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The Wild Ride of Wild Harvest

The Wild Ride of Wild Harvest

Supervalu has the luxury of choice. It operates multiple banners in just about every state in the country. The stores are diverse and many have been allowed to retain unique features that local shoppers appreciate. With this structure, the company can cherry-pick profitable elements in any one of its retail subsidiaries, tinker with it a bit, and then make it available to all of its stores.

That's just what executives did when they announced the rollout this week of Wild Harvest, a "new" line of natural and organic foods. The private label actually has an interesting pedigree. It was created by Star Markets, a Boston-area chain that operated 53 conventional and four natural foods stores called — you guessed it — Wild Harvest. British supermarket group J. Sainsbury acquired Star in 1998, took the Wild Harvest brand and created products and in-store boutique sections for its other U.S. holding, Shaw's Supermarkets.

wild-harvest.jpgThe photo at right depicts one of those in-store sections. The departments consisted of about 4,000 SKUs of national brand and Wild Harvest-brand packaged food including soy milk, rice, soups, sauces, fat-free crackers and spring water as well as dairy, meat and frozen case items. Judging by the hair, I'd guess this photo was taken very soon after the Star acquisition (for her sake, I hope it was).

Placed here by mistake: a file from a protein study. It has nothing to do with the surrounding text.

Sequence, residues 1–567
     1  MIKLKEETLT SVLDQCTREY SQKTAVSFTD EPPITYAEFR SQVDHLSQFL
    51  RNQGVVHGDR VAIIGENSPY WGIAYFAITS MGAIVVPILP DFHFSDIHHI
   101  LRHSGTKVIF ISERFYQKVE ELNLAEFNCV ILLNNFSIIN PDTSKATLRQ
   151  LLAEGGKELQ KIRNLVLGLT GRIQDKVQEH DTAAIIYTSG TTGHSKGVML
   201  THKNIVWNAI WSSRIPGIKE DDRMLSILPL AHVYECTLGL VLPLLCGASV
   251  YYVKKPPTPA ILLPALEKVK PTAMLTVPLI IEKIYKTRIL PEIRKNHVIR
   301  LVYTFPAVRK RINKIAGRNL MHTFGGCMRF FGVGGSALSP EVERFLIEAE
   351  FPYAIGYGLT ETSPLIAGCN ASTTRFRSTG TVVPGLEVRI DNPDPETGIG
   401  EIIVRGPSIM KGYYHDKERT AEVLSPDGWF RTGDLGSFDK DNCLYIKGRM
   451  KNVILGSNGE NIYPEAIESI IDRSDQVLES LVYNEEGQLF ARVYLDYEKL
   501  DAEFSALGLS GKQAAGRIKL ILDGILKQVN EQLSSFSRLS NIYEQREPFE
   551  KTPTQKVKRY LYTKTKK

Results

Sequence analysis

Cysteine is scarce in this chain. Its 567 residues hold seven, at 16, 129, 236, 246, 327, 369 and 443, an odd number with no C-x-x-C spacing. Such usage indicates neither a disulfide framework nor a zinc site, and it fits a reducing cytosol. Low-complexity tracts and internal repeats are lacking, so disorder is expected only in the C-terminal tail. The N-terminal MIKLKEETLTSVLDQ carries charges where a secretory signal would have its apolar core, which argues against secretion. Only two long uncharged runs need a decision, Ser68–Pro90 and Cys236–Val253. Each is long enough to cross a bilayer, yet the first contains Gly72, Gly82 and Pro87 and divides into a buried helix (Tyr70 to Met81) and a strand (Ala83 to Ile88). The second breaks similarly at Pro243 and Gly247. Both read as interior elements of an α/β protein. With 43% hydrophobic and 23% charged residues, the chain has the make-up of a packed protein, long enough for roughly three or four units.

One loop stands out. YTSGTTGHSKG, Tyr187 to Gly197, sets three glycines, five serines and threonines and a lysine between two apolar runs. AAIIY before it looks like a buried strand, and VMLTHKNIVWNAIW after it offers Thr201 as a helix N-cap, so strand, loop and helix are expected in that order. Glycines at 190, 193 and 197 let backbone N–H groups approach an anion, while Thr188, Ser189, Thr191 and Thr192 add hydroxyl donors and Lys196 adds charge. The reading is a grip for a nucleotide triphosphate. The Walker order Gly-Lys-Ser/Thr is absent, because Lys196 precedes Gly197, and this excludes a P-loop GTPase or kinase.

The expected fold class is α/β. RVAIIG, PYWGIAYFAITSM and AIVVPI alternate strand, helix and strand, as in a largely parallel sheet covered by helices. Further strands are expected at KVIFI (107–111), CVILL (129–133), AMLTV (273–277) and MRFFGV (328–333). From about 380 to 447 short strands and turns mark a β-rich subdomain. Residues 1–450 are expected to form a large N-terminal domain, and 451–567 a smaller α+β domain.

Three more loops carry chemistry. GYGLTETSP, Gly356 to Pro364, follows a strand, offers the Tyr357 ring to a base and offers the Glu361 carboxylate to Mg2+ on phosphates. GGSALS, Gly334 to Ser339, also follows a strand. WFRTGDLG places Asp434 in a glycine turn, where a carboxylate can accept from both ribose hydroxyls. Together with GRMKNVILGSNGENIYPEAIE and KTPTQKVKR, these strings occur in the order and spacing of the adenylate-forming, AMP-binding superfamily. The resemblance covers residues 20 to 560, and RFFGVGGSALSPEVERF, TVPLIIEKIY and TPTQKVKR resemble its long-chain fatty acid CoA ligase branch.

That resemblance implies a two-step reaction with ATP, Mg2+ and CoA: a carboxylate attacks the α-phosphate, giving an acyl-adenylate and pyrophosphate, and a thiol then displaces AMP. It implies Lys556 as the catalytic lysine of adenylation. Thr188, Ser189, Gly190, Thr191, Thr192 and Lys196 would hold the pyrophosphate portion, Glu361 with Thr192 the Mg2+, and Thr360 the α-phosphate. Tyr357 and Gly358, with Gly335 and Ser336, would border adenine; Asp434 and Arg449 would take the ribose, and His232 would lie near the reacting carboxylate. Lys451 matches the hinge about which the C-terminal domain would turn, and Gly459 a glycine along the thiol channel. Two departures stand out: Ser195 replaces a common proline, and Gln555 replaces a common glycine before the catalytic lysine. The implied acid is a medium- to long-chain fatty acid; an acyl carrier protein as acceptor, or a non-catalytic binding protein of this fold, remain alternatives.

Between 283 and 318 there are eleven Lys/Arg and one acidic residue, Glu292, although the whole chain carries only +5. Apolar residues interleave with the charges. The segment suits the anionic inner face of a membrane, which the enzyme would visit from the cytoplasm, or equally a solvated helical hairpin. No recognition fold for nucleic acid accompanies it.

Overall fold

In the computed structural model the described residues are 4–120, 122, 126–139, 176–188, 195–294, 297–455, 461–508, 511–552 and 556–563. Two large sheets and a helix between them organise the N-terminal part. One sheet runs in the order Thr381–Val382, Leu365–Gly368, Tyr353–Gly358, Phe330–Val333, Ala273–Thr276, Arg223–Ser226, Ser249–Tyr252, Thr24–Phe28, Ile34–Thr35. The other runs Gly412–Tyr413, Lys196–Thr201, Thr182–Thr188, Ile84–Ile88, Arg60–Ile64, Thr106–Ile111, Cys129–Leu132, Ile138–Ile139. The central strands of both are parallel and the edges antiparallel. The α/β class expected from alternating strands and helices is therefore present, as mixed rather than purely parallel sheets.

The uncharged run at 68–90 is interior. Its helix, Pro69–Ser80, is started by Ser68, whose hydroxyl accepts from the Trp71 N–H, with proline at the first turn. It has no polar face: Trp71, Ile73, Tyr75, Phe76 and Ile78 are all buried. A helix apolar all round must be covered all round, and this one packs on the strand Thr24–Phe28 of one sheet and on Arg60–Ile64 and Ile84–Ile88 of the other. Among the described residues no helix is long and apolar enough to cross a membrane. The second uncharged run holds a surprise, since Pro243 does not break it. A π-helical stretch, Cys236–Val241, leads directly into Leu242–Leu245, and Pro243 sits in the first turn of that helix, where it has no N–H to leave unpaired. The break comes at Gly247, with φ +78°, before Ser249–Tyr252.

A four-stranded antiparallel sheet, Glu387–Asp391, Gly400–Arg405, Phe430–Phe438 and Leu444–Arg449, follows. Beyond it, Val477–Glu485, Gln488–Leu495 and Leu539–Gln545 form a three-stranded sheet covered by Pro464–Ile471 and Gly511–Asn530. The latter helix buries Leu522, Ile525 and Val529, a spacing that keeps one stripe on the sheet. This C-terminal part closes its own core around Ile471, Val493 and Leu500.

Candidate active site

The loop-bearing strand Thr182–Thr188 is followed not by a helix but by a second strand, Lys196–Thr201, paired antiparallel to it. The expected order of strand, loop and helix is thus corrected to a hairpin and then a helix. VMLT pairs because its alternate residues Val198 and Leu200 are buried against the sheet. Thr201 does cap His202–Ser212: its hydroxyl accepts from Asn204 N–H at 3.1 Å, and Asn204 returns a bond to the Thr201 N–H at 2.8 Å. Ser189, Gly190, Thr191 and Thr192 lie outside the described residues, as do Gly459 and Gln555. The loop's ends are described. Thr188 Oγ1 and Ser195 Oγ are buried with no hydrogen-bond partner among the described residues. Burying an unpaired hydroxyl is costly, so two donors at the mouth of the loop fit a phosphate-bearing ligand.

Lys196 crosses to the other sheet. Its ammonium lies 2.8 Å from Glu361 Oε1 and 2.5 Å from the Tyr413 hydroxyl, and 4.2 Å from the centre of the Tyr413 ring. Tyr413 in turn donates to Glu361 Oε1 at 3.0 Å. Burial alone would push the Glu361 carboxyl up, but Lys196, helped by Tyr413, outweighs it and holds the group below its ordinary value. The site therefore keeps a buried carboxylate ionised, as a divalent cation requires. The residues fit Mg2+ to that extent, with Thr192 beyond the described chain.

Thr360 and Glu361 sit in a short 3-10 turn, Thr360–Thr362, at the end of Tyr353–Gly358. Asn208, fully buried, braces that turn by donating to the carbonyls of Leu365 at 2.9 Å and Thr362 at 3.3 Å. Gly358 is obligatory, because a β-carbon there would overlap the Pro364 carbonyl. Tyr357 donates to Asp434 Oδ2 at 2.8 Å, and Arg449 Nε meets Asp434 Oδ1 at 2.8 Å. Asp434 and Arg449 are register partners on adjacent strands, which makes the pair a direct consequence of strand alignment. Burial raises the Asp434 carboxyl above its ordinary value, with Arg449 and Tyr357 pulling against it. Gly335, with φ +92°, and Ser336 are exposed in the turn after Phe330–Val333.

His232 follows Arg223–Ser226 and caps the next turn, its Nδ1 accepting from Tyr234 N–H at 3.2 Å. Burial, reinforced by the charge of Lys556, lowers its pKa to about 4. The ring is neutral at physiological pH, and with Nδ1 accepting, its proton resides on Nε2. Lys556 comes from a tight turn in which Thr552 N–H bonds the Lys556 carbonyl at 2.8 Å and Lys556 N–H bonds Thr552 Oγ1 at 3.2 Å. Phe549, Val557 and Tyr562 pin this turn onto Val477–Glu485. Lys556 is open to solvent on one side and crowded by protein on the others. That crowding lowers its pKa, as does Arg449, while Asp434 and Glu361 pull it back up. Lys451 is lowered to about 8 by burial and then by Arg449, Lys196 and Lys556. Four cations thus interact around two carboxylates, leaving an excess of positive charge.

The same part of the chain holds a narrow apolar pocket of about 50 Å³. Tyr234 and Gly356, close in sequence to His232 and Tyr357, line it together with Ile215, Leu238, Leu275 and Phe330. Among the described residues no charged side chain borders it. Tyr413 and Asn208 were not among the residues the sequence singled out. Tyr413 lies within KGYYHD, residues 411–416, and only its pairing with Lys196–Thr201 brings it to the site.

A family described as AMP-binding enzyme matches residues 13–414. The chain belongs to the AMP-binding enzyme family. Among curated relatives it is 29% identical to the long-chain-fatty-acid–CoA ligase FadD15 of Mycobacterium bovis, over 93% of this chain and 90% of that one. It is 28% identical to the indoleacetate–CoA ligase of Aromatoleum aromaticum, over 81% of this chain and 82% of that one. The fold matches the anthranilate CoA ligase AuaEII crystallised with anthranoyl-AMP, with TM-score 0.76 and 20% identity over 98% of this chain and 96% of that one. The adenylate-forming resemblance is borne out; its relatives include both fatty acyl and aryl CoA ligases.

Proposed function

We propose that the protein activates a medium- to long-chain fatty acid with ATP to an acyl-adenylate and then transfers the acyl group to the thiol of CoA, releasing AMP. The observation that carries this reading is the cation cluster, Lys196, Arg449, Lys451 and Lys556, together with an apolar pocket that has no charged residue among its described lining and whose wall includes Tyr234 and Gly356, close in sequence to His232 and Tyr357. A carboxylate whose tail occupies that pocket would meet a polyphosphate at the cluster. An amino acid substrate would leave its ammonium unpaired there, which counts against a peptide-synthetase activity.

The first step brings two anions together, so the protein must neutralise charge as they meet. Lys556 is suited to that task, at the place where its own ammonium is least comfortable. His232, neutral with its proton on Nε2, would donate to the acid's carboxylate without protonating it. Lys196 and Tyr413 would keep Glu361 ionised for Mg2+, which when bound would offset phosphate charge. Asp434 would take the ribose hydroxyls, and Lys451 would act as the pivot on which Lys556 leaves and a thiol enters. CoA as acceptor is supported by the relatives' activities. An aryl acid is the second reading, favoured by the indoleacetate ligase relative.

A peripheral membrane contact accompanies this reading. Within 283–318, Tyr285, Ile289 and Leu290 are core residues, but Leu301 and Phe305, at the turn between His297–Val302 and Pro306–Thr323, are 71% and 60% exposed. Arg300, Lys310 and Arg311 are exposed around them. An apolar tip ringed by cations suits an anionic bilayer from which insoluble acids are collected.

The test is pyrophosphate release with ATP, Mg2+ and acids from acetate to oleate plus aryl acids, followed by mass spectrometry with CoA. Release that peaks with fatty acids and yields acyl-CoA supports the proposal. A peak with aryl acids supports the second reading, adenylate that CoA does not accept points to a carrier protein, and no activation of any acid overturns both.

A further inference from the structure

Then Shaw's/Star got bought by Albertsons, which used the Wild Harvest to rebrand and launch its own line of all-natural Angus ground beef in 2005.

In 2006, Albertsons was gobbled up by Supervalu. Through it all, Wild Harvest avoided the ax and today is sitting pretty as a nationwide store brand. And now that Supervalu has shuttered its stand-alone Sunflower Markets stores, it'll be interesting to watch how the company takes what it learned there, and applies it to this time-tested, established natural and organic private label.